Here's what I did yesterday:
Part of the morning I spent wandering the halls of a closed government building, peering through windows and rattling doors to check the efficacy of their security procedures. (At the administrators' invitation, of course. I don't do this sort of thing freelance.) On the way home I stopped at a library book sale and picked up hardcovers of Prehistoric Animals and Prehistoric Sea Monsters with those classic plates by Zdenek Burian for two bucks a pop. Then (a little last-minute, I admit), I planted tulip bulbs. And I dropped by a bookstore and bought the February issue of Realms of Fantasy.
By good fortune, my new collection was the lead item in the book review column. Here are the highlights of what Paul Witcover had to say:
Nowhere is the health of the speculative genre more evident than in the short story . . . Lovers of fantasy have a lot to be thankful for -- not least being the efforts of Michael Swanwick, who returns with a new collection, The Dog Said Bow-Wow, containing sixteen stories, most of them as good as any he has ever written: indeed, no less than three (the title story, "Slow Life," and "Legins in Time") are Hugo winners.
For our purposes, the stories of note are those set in a grimy, industrial version of Faerie that has been scoured clean of any remotely twee elements: a kind of steampunk fantasy. . . . These bawdy, tightly plotted tales will make you laugh out loud, but they don't shy away from deeper meaning.
This is doubly true of the three stories featuring Darger and Surplus, two charming rogues, the latter of whom is a genetically engineered dog. . . . these lusty stories are really fantasies that allow Swanwick ample room to play with old myths, legends, and fairy tales, as well as to comment upon the politics of the present day, which he does with considerable zest.
But wait -- there's more! In that same column, Jeff Vandermeer reviews Gregory Frost's imminent novel Shadowbridge. And, what the hell, I'll give you the review in its entirety:
In addition to the return of heroic fantasy, stories-within-stories Scheherazade-style are back in vogue, which is good for Gregory Frost and his Shadowbridge, because not only is his protagonist, Leodora, a story collector and teller, but everyone lives on a huge bridge that is for all intents and purposes the world, as there's nothing beneath but endless seas. To call the premise audacious would be an understatement, and yet it's the stories and the characters that reign here, not the concept, for all the glitter. Leodora, fleeing her past, is a very real person, and her adventures and perils are also real. The idea of the naming of things and people being important, the idea of stories being not frivolous but vital, drives the engine of the plot. A cavalcade of other characters, from Leodora's manager to her musical companion, also provide depth. The inclusion of gos and much of wonder in the setting is certainly a bonus, but almost isn't necessary. The only real shame about Shadowbridge, however, is that it's clearly part one of a novel cut into two parts (for marketing reasons?), with the second half to be published in 2008.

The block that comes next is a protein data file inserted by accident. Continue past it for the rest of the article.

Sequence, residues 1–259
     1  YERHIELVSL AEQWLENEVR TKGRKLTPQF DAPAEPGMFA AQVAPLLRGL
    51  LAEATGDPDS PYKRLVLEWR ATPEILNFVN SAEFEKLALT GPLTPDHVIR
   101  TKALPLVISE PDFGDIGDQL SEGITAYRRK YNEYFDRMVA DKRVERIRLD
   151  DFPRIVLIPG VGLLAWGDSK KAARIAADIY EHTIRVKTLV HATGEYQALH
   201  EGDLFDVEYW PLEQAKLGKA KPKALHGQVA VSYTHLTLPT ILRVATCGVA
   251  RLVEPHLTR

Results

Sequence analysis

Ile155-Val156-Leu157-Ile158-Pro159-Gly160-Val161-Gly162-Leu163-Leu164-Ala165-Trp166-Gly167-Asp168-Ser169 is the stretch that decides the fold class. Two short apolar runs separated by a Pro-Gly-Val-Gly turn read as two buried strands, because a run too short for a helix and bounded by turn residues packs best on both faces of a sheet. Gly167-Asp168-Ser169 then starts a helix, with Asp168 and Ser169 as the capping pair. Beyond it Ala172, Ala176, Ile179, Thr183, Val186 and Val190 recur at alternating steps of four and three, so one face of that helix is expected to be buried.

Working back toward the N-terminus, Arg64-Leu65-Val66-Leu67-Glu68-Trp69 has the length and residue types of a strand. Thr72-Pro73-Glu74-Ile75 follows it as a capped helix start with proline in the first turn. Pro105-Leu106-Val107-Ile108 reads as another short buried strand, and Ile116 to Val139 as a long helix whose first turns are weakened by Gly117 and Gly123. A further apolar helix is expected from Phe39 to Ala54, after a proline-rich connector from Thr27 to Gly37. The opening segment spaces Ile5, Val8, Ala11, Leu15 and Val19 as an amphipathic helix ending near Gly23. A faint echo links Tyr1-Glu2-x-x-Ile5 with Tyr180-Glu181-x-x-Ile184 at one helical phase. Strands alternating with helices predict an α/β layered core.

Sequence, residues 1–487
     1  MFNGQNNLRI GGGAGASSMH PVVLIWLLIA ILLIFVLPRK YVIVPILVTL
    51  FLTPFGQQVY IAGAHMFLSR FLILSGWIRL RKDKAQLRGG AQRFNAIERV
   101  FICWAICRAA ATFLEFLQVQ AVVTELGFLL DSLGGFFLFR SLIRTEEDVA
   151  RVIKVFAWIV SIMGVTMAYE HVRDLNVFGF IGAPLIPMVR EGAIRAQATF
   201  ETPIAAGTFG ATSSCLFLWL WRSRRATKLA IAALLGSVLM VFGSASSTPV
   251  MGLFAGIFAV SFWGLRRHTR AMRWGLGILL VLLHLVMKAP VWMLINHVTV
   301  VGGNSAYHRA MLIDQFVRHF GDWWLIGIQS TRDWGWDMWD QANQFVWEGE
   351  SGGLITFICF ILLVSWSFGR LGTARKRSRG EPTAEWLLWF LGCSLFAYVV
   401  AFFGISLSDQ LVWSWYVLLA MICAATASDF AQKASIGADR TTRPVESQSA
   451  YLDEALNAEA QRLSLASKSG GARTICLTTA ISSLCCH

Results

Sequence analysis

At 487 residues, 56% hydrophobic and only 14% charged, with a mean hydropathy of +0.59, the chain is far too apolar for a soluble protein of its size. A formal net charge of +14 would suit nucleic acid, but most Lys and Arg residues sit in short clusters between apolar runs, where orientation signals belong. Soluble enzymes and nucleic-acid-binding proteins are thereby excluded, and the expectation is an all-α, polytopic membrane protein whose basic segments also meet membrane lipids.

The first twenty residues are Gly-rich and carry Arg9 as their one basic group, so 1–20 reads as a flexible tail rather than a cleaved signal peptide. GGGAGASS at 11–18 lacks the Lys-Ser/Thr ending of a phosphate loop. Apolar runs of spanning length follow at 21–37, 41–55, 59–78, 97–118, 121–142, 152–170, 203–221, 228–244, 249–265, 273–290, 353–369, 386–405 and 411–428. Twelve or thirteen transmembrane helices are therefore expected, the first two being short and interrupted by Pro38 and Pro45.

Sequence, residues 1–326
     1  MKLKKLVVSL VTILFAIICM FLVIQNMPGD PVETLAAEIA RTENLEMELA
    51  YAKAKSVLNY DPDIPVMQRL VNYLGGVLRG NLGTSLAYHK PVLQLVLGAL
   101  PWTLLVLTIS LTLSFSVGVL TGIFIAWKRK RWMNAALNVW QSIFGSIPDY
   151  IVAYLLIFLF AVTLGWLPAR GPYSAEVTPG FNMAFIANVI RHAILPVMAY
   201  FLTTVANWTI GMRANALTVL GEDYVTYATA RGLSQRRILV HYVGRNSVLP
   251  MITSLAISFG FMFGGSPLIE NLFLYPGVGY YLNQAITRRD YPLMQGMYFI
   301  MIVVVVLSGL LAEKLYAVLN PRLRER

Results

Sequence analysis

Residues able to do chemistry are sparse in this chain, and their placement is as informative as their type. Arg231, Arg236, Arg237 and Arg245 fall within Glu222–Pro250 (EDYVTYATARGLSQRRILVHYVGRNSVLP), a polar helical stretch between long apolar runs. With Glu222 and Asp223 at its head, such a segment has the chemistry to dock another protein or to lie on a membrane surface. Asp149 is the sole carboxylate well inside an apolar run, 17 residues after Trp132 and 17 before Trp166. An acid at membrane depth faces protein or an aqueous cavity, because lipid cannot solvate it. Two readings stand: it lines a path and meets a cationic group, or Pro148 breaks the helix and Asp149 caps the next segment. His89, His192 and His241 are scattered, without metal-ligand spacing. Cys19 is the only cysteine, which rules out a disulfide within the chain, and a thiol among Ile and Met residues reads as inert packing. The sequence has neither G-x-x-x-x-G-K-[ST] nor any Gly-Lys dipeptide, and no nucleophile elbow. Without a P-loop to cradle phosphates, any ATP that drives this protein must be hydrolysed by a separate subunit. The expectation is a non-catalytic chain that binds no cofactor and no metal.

To which I shall add two comments:
1) Yes, apparently the original manuscript was deemed too long to be profitably published in one volume. But the second book is being published in early 2008, so there's no reason to put off buying the first one.
2) So convinced am I that Shadowbridge, which I read in an earlier unfinished draft and which I am furiously anxious to finally get to read in its completed form, will turn out to be a classic fantasy novel, that I cannot resist pointing out that I know Gregory Frost personally. Greg and I have been friends for decades. That's the kind of writers I get to hobnob with!
(Oh, and incidentally, Realms of Fantasy is a journal that deserves your patronage and possibly even subscription. Why don't you pick up a copy at your local bookstore, read it, and then make up your own mind about it?)